NEW YORK – On February 21, 1972, Richard Nixon became the first US president to visit the People’s Republic of China, setting in motion a process that would end China’s decades-long isolation and kick-start the emergence of a modern, dynamic economy. But, despite the seismic economic changes in China in the intervening half-century, many in the West regard today’s People’s Republic as an unreformed communist country whose unfair trade practices are harming Western workers and consumers. Although this impression is partly a by-product of today’s geopolitical competition, it also reflects a lack of historical perspective.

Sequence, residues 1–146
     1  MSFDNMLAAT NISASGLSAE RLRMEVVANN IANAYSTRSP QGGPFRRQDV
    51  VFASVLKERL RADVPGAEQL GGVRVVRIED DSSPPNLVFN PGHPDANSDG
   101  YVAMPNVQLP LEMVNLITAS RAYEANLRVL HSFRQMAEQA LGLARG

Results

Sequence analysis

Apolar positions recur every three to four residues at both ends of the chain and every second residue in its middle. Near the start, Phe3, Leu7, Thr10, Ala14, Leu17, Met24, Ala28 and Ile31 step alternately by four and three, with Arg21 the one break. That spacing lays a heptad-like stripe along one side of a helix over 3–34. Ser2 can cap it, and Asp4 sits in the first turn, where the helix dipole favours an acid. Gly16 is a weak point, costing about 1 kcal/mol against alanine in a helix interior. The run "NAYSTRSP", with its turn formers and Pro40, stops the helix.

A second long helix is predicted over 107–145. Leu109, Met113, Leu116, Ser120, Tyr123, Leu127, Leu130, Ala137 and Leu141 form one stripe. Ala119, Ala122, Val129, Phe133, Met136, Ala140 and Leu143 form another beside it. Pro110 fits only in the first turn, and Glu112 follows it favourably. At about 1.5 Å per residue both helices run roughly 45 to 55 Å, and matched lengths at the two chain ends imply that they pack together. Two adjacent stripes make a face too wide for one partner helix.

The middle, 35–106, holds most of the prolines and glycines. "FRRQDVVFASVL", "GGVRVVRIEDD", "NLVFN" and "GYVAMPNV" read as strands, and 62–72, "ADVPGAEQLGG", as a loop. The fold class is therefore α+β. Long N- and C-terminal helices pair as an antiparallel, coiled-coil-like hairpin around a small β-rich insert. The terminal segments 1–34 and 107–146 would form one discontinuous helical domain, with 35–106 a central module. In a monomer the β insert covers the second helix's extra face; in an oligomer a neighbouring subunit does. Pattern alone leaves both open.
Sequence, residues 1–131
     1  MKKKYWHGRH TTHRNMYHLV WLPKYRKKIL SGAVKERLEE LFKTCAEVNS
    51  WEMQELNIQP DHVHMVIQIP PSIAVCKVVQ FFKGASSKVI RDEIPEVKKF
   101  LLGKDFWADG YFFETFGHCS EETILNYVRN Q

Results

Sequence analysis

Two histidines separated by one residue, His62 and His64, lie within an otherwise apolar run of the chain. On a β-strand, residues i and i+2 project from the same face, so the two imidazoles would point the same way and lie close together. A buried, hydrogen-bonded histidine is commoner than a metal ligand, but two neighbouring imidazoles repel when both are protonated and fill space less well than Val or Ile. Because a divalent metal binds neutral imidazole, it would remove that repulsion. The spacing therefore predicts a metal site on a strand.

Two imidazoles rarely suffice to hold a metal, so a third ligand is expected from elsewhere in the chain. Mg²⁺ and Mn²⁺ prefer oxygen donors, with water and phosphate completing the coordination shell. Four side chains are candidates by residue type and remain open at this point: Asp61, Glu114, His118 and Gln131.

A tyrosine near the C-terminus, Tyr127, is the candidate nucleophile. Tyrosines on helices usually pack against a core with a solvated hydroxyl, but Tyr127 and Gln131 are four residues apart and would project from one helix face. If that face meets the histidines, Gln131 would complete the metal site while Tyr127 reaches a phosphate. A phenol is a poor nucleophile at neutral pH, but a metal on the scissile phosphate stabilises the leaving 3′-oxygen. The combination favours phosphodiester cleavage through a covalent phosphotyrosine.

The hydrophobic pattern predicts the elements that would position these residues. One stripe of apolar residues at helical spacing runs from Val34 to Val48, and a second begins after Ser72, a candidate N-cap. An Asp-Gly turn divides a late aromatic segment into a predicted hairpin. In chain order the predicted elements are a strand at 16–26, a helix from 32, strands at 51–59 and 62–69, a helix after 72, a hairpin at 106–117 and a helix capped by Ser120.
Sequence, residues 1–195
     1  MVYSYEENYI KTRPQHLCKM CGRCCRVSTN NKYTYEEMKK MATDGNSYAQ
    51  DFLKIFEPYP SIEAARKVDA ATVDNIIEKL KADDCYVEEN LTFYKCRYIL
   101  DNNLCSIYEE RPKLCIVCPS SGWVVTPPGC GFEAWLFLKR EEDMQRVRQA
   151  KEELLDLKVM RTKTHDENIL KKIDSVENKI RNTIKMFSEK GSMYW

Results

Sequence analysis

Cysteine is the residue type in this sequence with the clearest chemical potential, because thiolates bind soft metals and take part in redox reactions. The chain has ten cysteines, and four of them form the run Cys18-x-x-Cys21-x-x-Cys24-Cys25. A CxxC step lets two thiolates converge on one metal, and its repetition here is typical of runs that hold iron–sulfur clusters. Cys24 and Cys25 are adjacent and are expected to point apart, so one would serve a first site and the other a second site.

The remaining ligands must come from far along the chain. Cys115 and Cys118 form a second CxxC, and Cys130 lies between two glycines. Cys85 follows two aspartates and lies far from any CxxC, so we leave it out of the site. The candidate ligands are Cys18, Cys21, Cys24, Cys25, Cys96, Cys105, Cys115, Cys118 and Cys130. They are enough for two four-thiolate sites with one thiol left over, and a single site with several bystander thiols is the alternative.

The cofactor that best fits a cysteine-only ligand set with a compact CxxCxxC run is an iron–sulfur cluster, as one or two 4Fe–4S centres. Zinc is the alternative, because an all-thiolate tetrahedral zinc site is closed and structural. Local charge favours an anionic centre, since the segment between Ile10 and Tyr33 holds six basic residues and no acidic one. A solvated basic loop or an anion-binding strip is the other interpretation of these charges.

At the time of Nixon’s visit, China was as isolated and closed off from the world as North Korea is today. Ordinary Chinese had no freedom to choose where to work and had to accept jobs assigned by their local government. Almost every Chinese adult worked for the state or in a state-owned firm, because no privately owned domestic enterprises or foreign firms operated in the country. Nixon’s entourage also noticed an astonishing lack of color on the streets, as most Chinese wore either blue or green. There was not a single foreign brand on the streets of Beijing or Shanghai.
Today, Chinese can choose their place of employment, more than 80% of the workforce are employed by firms not owned by the state, and wages are determined by supply and demand in the labor market. An international tourist cannot tell from people’s clothing alone whether she is in Shanghai, Seoul, Tokyo, or Taipei. Virtually all major global brands that can be seen in New York, London, and Singapore, are ubiquitous in major Chinese cities as well.
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